Houdini 20.0 Crowd simulations

Crowd basics

An overview of Houdini crowd simulation concepts.

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Crowds are essentially animated characters attached to particles. The movement of the characters in a crowd simulation is based on an underlying particle simulation in DOPs.

In a crowd simulation, the characters are called agents, and at any given time, the agents are in a particular state, such as standing, walking, or running. Events can happen in a crowd simulation that change the state of the agent, for example, from walking to running. These events are called triggers.

To have a crowd mill about, you could have some agents in an “idle” state and some in a “walk” state. In the idle state, the underlying point that an agent is attached to would remain stationary. In the walk state, the underlying point would move. A trigger checks if each agent has been in its current state for longer than a certain period of time, and for every agent that satisfies that condition, a state transition is made between idle → walk or walk → idle.

Crowd simulations require both a geometry (SOP) network and a simulation (DOP) network:

  • A geometry (SOP) network is used to create and define the agents. The full power of Houdini’s SOP nodes can be used to create agent positions from existing models such as terrain.

  • A simulation (DOP) network is used to run the actual crowd simulation. The DOP crowd simulation network holds the logic that controls the movement of each particle (and in turn, the agent that is attached to it). Within the DOP network, agents can interact with other dynamic (DOPs) elements.

See setting up a crowd simulation for information on using the shelf tools and the network editor to create a basic crowd simulation.


If you want to jump right into learning how to create crowds, have a look at the Zombies for Everyone tutorial.



Agents are the “actors” of the crowd simulation, for example, individual people in a crowd scene. An agent is a character skeleton with skin geometry and animation. Each particle in a crowd simulation has an agent attached to it.

Crowd source

The “source” for a crowd simulation are the points in a geometry (SOP) network. Agents are copied onto these points, and the points represent the starting location of the agents in the simulation. If you don’t give the crowd simulation source points, the Crowd Source SOP node will randomly scatter a specified number of points over a given area.


Clips are bits of animation on an agent (such as “walk” or “run”) that is played when the agent is in a particular state.


At any given time, every agent is in a particular state, such as “walk”, “idle”, “attack”, or “run_to_goal”. A state is defined by an animation clip that is played for the agents in that state, and the behavior nodes that affect the movement of the underlying particles that the agents are attached to.

Triggers and transitions

At each step in the crowd simulation, Houdini looks at every agent and checks a series of trigger conditions (for example, “distance to target > 2”). If a trigger applies, Houdini checks for a transition that is attached to the trigger to change the agent to a new state (for example, walk → run). Transitions can have a duration during which Houdini automatically blends the animation clips of the old and new states.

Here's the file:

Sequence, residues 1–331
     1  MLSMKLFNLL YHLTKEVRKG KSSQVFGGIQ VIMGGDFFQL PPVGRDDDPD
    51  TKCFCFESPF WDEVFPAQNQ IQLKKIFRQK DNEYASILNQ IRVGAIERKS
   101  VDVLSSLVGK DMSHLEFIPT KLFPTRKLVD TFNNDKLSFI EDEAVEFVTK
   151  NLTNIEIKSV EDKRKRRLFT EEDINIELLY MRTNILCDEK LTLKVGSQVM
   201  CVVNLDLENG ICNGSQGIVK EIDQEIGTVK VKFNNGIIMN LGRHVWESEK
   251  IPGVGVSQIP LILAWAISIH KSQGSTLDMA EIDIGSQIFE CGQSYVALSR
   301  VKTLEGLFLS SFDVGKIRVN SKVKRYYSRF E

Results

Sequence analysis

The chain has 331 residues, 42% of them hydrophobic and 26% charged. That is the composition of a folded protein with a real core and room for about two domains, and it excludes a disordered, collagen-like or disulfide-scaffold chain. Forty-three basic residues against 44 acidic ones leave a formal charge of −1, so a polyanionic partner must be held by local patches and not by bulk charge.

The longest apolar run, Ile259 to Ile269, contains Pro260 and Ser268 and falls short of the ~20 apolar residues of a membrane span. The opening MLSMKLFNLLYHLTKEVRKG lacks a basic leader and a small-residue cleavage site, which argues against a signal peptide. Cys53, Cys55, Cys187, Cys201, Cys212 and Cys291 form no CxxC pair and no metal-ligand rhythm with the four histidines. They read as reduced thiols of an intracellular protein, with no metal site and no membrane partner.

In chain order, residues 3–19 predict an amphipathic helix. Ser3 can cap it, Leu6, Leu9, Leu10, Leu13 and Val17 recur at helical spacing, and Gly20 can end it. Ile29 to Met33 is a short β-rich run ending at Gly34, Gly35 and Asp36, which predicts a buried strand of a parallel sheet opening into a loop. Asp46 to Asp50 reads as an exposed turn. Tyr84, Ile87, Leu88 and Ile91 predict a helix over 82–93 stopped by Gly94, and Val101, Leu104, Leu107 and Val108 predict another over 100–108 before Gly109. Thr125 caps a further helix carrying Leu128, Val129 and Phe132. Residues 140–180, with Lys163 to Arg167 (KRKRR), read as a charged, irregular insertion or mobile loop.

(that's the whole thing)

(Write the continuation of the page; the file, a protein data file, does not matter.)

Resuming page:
Houdini has many useful POP forces that you could use as behavior nodes to control the movement of the underlying particles that the agents are attached to. These “steering force” nodes are essentially particle forces with the added concept of weights, and they provide useful crowd behaviors such as “move toward a point” or “follow a path”. At any given moment, an agent could be affected by multiple forces (for example, both “follow this path” and “avoid obstacles”). The crowd solver deals with multiple forces by normalizing the weights (scaling them so they add up to 1), and then multiplying the individual forces by the normalized weights.

Along with the crowd steering force nodes, there are also default forces on the crowd solver that have the concept of weights.


You can specify static DOP objects for agents to avoid.


Houdini currently supports a single terrain object (a static RBD object). Agents will follow the terrain, with optional IK foot adaptation.

Crowd simulations

Getting started

  • Basics

    An overview of Houdini crowd simulation concepts.

  • Setup

    How to set up and edit a crowd simulation.

The moving parts

  • Agents

    About agents, the moving actors that make up a crowd simulation.

  • States

    About agent states, the virtual mood of each agent that controls the agent’s animation and the behaviors it runs.

  • Triggers

    How to specify conditions that cause agents to change from one state to another.

  • Caches

    Tips for efficiently caching and loading crowd sims.

SOP crowds



  • Diversity

    How to create a more realistic crowd by making agents look and act differently.

  • Attaching cloth

    You can add and constrain vellum cloth as part of agent shape geometry, and then simulate the cloth based on agent movements.


  • Foot planting

    How to set up agents to adapt their animation to terrain and prevent skating.

  • Terrain

    How to specify terrain geometry for agents to walk across.

  • Obstacles

    How to set up obstacles for agents to avoid.